Find your why.  It is easy to quit a fitness program when your heart isn’t into it.  Let me repeat that, it is easy to quit a fitness program when your heart isn’t into it.

Be Specific Relative to What Your Goal Will Be

What does this even mean?  Well, it is about short-term and long-term goals.  If you’re training for a 5k running race to be held in three months, this would be a short-term goal.  If you want to be able to physically do the things you enjoy throughout the rest of your life, this would be considered a long-term goal.  (Albeit a little vague at this point.)  I am still not speaking of the actual goal itself.  I am speaking about the why.  Be specific about your why with each goal.

You may have a long-term goal, like the one mentioned above, a bit vague at first, and have many short-term goals along the way.  For example, your church group is planning to help build a Habitat for Humanity house in two months.  You want to help.  Even if it’s just painting walls, which isn’t as easy as it sounds!  So, for the next two months, you should be working on total body strength so that you can roll the paint on, and endurance exercises so you can work for long stretches throughout the day.  This may be a walking program or hitting the bike in the gym or any similar exercise you choose so that you can work your heart for a long period of time.  (I will not get too specific about exercises in this post.)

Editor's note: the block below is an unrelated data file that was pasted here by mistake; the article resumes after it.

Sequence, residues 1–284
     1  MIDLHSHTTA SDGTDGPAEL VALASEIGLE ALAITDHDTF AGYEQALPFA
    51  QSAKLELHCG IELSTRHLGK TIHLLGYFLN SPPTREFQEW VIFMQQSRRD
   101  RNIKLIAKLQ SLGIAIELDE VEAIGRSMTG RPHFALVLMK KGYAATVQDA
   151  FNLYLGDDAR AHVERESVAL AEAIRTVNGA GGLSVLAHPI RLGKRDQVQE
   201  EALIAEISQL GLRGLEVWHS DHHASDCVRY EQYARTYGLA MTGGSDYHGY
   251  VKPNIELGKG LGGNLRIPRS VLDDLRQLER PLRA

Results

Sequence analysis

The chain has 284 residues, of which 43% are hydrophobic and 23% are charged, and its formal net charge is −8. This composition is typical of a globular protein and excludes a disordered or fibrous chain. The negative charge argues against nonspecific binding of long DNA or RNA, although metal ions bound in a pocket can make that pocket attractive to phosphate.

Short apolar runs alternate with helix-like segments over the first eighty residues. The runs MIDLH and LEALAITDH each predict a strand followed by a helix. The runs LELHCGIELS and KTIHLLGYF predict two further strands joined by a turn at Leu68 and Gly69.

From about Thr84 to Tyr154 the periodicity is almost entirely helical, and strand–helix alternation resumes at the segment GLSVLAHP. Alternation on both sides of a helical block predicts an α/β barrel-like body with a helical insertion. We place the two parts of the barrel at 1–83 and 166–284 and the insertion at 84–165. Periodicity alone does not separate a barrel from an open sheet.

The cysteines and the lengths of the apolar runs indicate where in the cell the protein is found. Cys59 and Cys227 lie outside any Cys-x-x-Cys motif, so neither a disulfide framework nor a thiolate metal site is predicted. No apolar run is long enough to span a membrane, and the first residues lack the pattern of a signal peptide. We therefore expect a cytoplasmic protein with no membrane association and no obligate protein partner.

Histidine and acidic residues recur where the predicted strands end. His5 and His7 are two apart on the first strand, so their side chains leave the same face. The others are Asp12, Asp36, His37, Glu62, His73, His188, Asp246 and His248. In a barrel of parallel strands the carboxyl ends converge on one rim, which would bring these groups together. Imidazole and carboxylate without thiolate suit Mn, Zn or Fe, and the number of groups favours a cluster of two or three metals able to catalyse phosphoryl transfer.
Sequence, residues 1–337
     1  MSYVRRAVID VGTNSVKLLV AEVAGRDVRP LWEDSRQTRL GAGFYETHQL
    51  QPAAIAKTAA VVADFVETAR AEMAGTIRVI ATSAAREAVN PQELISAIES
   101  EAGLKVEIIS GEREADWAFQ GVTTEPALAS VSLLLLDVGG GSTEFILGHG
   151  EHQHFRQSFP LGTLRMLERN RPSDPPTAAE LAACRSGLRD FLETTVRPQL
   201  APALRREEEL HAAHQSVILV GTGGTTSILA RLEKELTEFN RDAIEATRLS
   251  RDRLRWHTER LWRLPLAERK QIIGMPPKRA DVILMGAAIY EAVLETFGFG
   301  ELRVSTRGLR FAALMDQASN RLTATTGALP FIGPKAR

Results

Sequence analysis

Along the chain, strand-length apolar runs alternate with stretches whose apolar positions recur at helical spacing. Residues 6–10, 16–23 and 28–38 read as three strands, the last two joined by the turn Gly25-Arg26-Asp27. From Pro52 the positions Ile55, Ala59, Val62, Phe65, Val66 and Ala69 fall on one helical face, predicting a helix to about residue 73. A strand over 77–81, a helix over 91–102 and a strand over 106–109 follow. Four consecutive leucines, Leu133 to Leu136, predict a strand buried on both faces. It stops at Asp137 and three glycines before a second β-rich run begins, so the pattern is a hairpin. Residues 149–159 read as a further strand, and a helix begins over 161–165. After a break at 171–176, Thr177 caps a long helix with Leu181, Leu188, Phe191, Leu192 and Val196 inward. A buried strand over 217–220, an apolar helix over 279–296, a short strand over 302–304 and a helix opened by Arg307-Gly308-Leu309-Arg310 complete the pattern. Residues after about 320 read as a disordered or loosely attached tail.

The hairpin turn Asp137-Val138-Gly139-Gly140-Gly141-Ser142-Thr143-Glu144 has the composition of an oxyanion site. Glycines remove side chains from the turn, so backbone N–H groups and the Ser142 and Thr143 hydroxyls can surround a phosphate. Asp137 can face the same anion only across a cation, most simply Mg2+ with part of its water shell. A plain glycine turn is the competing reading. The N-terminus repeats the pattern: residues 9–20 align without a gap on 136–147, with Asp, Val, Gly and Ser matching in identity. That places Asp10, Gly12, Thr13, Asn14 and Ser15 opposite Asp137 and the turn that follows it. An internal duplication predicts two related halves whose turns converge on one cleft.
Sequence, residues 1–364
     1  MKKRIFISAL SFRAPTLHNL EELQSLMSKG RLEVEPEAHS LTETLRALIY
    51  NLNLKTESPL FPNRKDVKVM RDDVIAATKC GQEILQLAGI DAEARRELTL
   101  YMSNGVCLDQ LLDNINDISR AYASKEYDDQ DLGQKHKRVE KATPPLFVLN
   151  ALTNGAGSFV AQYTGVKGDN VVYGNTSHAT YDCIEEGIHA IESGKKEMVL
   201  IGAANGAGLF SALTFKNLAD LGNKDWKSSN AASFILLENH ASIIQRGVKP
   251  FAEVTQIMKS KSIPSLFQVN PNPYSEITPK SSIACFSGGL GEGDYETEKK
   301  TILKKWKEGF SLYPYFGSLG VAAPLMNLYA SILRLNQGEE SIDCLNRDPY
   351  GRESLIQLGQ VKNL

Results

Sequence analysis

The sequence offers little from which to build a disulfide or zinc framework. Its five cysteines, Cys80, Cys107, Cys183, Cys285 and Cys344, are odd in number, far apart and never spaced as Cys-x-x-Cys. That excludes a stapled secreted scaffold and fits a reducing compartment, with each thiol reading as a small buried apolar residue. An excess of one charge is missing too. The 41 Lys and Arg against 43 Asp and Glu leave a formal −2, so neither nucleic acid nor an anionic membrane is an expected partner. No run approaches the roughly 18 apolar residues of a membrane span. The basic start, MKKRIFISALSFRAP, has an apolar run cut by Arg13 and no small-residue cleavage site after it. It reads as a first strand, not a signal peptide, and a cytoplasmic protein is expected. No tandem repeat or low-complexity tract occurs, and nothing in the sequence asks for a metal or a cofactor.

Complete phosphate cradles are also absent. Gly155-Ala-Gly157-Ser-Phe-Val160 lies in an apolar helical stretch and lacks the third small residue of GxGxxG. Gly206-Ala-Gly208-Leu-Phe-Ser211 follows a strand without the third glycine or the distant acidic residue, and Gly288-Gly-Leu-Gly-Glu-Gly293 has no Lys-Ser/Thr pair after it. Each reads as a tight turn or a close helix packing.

Your Habitat for Humanity project mentioned above is probably one of many short-term goals within your long-term fitness goal.  You still need a why for this goal.  Is this an intrinsic or extrinsic goal?  Are you doing it because helping someone acquire a real home makes you feel good?  Or, are you doing it to please the people in your church group?  Either one is okay.  Although, intrinsic reasons lead to more success than extrinsic reasons.  They are both powerful when setting goals and reaching them.  There is no right or wrong answer.  What is important is that you know why you are setting your goal to be able to do this thing—to help build a house.

Your true why will be instrumental in achieving your goal.  And, know that your goals can have different types of motivation.  Your long-term goal of being able to do the things you want to do for the rest of your life is typically an intrinsic goal.  You want to feel good inside.  You want to have a strong, healthy body.  Yet, volunteering to help build a house may be an extrinsic goal, to please and gain better status within the church group.

Be specific about your why in relation to the goals you are going to set.  And, write it down when you write down your goals.

In Summary

Find your why.  You know what you want to do—start a fitness program.  But, before you think about setting fitness goals, there is one step vital to achieving those goals.  You need to find your why.  You must do some soul searching and be honest with yourself to discover your true why.  Furthermore, you most-likely will have more than one goal—short-term and long-term.  For each of these goals, you must find your why.  Is it intrinsic or extrinsic, for example?  There is no wrong answer.  You know your what, now find your why.


You can ask me more questions about this topic or any other fitness topic.  Just sign up to follow and comment.  Also, look for an email sign-up in the future.  I will have freebies exclusively for those on the email list.  As this blog is still a work in progress, please be patient. Thank you for reading.